In today’s workforce, Baby Boomers are beginning to exit the workforce. With their physical exit so too does their knowledge and skills… This steady decline is expected to continue until around 2050. This movement will have significant implications for an organisation’s internal talent pool. In 2015 it was suggested that 75% of the British workforce were considered passive job seekers, meaning they are always looking for growth opportunities and are not merely being reactive to changes as they occurred – the picture in South Africa are very similar.
When wanting to develop an internal talent pool, one needs to answer three key questions:
- Have you identified your critical roles?
- How visible is your talent pool?
- Have you got a pipeline for these critical roles?
When considering what your critical roles are, one can take the following points into consideration:
- Those roles that take a long time to fill;
- Those that have higher attrition, perhaps due to headhunting by other companies; and
- Those that have the biggest bottom line impact.
It is extremely important to collaborate both with HR and the business partners, when looking at quantitative and qualitative analytics which will inform the decisions. This can also be referred to as Talent Intelligence. Once a critical role has been identified, it is crucial to assess what the organisational needs are. This will inform what talent enters the talent pool .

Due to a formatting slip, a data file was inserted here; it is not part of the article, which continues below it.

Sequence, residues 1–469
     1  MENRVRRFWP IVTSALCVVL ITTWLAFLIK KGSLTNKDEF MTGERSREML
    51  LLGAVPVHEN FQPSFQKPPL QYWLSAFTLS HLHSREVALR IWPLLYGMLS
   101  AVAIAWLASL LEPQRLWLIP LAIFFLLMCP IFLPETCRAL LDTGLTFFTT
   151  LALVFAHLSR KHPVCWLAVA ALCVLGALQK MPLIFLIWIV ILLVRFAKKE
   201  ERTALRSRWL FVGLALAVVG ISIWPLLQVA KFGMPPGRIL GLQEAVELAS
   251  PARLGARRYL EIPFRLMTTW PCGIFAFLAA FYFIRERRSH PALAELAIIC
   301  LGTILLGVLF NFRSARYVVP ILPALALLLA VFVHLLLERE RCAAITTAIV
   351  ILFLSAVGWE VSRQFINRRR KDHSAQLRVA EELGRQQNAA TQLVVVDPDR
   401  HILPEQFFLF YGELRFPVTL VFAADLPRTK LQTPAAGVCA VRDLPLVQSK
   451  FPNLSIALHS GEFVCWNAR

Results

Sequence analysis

Once this is in place, it is vital that the talent pool is visible organisation-wide. Three ways in which this could be addressed are:
- Provide employees with a full view of new opportunities that are likely to arise in the future;
- Constant communication with management regarding high-performing individuals or individuals likely to leave; and
- Employees need to be told how sources of talent are identified.
Technology is an enabler that should always be considered in making talent pools transparent. Examples of this is utilising the intranet to enable an expression of interest portal or do internal advertising, a software that can filter talent by different skills or the use of social media (Employment Office, 2013).
Once talent has been identified and interest is shown by a feasible employee, an organisation cannot simply assume they have a filled talent pipeline. This is in fact where all the hard work begins. For one employee who is identified as potentially filling current and future talent the following should be in place:
- Constant communication and check-ins to keep the employee interested and engaged;
- Training and development opportunities to further develop skills;
- Continual tracking and assessment of performance;
- One-on-one coaching to discuss career pathing and aspirations ; and
- Practice of a culture that is nurturing and attractive to employees.
Employees need to feel like the organisation they are currently in is investing resources into their growth and development, but also that the organisation has a genuine interest in their goals.
The above is one way of ensuring your key internal talent stays internal and does not leave to find better opportunities elsewhere. Only those organisations who value talent and invest in creating and nurturing talent will have a true competitive edge.